| Sourced From EasyBourse |
TOKYO (AFP)–The premiers of Japan and Ukraine Wednesday hailed a deal under which the eastern European country sells to Japan rights to pollute and uses the proceeds to buy Tokyo’s latest green technologies.
Ukraine’s visiting Prime Minister Yulia Tymoshenko said she would like to step up the carbon credit sales in the future, while her counterpart, Taro Aso, said Japanese environmental technology companies would soon visit Ukraine.
Both countries agreed last week on a 30-million-tonne carbon trade deal, under which Asia’s largest economy buys the right to emit more greenhouse gases while bringing environmentally friendly projects and technology to Ukraine.
“We welcome the contract on emission licences because it will also ease the environmental problems in Ukraine,” Tymoshenko told a Tokyo joint press conference with Aso. “I am interested in transferring more licences.” Aso said he had “promised that a Japanese corporate mission related to environmental technology will be dispatched to Ukraine.”
On her two-day trip, Tymoshenko – whose country has been badly hit by the global economic downturn – was also due to meet Finance Minister Kaoru Yosano and visit electronics giant Panasonic Corp. (6752.TO), her government said earlier. Tymoshenko’s visit is aimed at “strengthening ties with Japan on both the economic and political fronts,” Ukrainian embassy official Oleg Malyi told AFP.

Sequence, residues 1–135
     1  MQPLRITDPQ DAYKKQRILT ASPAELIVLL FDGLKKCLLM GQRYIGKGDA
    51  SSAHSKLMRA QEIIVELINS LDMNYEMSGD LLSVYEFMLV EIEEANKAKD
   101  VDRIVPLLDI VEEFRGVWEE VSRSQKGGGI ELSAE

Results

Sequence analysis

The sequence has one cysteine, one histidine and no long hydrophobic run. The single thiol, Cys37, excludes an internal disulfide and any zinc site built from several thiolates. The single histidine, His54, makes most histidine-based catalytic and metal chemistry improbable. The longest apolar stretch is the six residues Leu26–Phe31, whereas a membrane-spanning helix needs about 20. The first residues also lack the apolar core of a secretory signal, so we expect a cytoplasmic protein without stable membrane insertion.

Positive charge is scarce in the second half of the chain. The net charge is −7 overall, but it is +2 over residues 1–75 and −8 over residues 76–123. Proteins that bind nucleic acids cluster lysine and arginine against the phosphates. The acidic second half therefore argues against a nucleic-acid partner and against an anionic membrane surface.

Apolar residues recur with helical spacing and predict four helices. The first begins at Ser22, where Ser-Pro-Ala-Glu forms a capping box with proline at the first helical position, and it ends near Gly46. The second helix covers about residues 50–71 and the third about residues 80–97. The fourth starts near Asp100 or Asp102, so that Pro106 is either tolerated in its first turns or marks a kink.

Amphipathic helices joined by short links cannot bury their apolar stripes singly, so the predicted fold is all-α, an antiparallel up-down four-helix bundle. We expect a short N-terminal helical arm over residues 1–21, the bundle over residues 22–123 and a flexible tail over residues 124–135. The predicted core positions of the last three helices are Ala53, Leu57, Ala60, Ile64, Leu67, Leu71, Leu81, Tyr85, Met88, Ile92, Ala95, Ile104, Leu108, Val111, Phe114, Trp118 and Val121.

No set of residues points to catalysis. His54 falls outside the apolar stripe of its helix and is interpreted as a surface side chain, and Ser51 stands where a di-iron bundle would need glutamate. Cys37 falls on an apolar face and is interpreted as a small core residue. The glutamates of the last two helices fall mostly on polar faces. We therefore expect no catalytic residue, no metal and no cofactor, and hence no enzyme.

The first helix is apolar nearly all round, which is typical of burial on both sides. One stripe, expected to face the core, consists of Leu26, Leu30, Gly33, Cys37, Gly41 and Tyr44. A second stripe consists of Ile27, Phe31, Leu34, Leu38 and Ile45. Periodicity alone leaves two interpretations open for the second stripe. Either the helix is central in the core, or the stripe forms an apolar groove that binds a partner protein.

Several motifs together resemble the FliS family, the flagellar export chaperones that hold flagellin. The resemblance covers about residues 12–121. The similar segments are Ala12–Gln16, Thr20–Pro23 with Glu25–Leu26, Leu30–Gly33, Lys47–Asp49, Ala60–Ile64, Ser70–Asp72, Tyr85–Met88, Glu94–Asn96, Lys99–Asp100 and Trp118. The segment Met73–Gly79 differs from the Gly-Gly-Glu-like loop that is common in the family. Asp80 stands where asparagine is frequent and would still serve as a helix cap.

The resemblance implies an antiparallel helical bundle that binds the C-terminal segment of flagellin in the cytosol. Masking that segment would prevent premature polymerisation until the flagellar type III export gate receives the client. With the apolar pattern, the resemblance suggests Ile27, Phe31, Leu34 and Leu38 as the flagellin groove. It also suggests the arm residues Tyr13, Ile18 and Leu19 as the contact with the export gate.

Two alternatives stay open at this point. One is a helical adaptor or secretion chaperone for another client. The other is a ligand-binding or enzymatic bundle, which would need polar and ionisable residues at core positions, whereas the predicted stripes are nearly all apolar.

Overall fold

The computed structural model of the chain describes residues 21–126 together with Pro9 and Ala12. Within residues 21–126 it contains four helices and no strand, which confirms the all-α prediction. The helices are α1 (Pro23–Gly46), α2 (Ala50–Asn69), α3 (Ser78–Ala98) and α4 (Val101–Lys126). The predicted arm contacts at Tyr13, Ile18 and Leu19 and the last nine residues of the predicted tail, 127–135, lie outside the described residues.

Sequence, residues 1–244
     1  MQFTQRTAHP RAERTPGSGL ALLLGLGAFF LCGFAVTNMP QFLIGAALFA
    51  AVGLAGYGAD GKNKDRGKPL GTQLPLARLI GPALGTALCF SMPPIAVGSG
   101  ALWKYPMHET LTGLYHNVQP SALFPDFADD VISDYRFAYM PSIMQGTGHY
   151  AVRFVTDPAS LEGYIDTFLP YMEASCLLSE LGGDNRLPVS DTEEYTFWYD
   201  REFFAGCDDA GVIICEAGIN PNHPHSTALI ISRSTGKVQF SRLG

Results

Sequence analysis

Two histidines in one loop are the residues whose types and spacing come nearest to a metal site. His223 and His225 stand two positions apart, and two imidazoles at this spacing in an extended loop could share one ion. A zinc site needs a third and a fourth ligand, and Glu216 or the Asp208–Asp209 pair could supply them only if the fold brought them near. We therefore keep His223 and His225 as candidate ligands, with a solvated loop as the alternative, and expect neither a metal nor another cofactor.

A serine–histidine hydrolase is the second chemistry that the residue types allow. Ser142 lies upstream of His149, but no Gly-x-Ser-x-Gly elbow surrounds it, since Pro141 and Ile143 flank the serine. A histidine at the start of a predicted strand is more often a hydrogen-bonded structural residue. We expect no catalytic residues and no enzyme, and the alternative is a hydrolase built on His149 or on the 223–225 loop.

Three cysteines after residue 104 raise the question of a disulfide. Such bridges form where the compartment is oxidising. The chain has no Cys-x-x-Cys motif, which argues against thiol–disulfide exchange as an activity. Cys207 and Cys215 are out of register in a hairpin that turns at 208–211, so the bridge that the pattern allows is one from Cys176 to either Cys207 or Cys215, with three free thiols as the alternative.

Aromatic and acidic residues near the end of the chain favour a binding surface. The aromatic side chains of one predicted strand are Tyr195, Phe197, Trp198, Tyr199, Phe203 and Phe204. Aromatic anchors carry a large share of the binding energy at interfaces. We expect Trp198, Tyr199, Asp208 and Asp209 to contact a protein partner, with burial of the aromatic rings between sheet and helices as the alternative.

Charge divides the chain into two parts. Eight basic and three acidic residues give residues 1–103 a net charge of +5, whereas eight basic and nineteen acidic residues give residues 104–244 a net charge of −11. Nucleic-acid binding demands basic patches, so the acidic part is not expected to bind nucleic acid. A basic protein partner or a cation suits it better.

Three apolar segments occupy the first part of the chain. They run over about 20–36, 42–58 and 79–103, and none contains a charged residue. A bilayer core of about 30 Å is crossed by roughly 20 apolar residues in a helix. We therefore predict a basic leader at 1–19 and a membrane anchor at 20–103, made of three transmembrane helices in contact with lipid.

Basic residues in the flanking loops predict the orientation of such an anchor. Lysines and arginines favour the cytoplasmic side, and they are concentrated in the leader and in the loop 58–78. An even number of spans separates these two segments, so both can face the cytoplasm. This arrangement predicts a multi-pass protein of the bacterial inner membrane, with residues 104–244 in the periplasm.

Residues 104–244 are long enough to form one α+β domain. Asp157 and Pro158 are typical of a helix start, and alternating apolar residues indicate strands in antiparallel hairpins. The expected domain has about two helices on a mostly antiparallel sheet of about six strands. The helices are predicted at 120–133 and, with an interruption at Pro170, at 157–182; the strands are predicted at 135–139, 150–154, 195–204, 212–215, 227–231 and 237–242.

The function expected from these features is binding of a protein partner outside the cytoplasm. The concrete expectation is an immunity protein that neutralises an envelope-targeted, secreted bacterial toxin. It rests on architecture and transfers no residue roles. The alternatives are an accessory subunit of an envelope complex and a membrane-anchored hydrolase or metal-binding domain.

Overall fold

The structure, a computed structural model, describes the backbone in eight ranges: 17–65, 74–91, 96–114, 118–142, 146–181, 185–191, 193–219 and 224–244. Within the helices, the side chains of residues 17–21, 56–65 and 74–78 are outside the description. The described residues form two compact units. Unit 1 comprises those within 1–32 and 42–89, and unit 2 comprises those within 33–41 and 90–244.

Japan, the world’s number two economy, hopes to also buy so-called “rights to pollute” from other Eastern and Central European countries where the global economic downturn has hit hard and reduced industrial production. Tymoshenko earlier met with Japanese business leaders, including Sumitomo trading house chairman Motoyuki Oka, and “discussed specifics of the agreed carbon trade,” said an official at the Japan Business Federation.
At that meeting she also called for cooperation in modernising gas pipelines and power plants, building nuclear plants, transferring energy-efficient technologies and investment in steel and chemical projects, he said.